Ewa Axelrad: Shtamah
Vernissage: 16.6.17 (Friday), 6:00 PM, 1st floor, free admission
The Polish word sztama, pronounced shtamah, brings to mind interesting connotations. It smacks of boys’ solidarity. A dictionary of the Polish language explains it in rather innocent terms, as “a relation between friends or companions entailing mutual help.” It is derived from German der Stamm, which means tribe. However, many examples could be quoted that analyse how this seemingly positive phenomenon transforms into group aggression.
The works made especially for the exhibition at Wrocław Contemporary Museum analyse the mechanisms of prompting people to come together and display aggression. An important element of this study is the process of unification, losing one’s subjectivity and merging with the group, which can be achieved through body painting, putting on masks, armours or uniforms. In the military context, the subject of solidarity and renouncing individuality in favour of the common cause and the fighting spirit was analysed by Napoleon’s strategists, for example, who termed this elusive phenomenon esprit de corps. Ludwig Stomma explains this phrase as “brotherhood of arms” or “athletes’ love”, which makes it possible to “replace the mawkish conscience with a uniform.”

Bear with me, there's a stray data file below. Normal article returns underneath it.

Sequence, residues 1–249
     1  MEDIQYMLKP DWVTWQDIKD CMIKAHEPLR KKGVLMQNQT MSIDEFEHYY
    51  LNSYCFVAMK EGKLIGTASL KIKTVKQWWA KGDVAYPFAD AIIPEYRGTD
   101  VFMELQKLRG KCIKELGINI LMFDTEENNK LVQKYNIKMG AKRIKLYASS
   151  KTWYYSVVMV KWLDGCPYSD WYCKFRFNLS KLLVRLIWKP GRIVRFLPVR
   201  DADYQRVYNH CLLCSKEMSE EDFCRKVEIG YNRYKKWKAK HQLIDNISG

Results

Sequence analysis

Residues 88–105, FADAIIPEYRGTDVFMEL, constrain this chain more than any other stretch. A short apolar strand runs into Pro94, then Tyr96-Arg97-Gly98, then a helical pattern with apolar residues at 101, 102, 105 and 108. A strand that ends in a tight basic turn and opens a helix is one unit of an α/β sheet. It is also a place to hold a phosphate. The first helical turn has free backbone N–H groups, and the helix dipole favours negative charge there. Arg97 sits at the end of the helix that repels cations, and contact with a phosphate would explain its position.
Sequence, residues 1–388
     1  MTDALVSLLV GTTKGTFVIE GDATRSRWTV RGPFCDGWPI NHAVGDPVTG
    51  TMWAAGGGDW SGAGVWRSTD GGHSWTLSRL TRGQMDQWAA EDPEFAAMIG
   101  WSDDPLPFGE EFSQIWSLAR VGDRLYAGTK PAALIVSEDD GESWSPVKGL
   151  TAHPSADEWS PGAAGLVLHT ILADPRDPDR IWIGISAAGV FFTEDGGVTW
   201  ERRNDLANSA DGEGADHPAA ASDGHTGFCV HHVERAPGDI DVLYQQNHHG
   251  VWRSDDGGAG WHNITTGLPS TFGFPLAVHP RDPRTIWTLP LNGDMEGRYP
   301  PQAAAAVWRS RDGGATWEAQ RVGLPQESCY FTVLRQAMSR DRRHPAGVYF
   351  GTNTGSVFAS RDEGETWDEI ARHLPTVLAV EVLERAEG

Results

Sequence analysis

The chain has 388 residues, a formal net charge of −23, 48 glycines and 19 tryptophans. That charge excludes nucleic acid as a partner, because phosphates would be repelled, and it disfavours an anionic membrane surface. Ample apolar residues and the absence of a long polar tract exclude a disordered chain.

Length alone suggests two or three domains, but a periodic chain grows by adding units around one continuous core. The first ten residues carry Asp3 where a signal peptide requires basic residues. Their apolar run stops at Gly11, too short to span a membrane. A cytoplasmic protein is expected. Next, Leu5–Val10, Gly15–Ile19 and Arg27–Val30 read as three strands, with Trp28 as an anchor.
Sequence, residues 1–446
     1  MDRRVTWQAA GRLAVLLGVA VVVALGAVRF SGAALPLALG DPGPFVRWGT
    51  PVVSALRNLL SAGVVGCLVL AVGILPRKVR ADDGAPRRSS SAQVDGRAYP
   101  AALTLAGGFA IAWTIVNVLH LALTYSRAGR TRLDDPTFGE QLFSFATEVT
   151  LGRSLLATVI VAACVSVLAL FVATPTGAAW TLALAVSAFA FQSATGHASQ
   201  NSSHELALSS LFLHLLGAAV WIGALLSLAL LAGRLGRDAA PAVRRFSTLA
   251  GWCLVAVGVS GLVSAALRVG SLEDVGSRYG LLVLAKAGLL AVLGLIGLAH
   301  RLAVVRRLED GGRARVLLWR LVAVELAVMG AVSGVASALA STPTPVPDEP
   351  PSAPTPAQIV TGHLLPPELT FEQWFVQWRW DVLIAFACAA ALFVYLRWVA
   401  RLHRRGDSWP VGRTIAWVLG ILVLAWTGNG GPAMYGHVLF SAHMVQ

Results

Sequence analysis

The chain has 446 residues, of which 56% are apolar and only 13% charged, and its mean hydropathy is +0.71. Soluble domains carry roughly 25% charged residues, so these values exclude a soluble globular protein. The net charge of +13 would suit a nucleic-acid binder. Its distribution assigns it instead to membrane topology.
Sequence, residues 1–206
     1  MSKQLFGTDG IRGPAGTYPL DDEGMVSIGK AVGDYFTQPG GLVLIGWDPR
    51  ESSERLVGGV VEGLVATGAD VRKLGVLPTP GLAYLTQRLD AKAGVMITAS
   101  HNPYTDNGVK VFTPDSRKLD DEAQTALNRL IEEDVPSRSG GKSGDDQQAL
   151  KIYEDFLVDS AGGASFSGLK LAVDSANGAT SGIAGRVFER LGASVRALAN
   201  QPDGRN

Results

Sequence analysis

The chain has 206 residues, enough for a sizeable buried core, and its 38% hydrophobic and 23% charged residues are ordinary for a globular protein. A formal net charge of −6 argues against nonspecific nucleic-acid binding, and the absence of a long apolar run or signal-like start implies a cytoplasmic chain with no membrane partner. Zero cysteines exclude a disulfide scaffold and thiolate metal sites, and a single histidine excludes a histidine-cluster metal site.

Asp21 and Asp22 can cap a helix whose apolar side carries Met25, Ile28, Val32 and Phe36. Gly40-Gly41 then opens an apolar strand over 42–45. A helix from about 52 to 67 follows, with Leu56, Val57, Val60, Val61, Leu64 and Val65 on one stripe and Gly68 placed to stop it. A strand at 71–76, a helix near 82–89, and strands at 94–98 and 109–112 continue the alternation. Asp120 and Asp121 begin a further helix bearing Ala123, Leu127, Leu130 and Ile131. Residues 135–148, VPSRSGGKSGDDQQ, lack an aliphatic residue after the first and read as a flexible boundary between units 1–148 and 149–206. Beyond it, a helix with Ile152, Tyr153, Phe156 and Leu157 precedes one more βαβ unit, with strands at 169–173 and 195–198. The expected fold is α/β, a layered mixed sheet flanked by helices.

Axelrad, in a critical way, draws upon the deeply rooted mixture of fascination, fear and prejudice that gave rise to the western European fantasy of tribalism. A crucial thread present in the exhibition is also the notion of a sacred and enticing character of uniforms, which symbolically ties the wearer to the ranks of the army, police or paramilitary groups.
—— Sylwia Serafinowicz
Ewa Axelrad – born in 1984 in Gliwice, she studied at Academy of Fine Arts in Poznań before moving to London to continue at the Royal College of Art. Her work was featured in many international exhibitions, among the recent ones Labor Relations at Wrocław Contemporary Museum, As You Can See. Polish Art Today at the Museum of Modern Art in Warsaw and State of Life. Polish Contemporary Art within a Global Circumstance at the National Art Museum of China, Beijing. Her solo shows in 2017 include Satis at The Ryder Projects, London and upcoming Shtamah at Copperfield, London. Her newly commissioned installation is on view throughout summer at Bold Tendencies, London. She has been recently nominated for 2017 edition of Deutsche Bank Foundation Award Views for Polish artists under 36. Lives and works in London and Gliwice.
Curator Sylwia Serafinowicz
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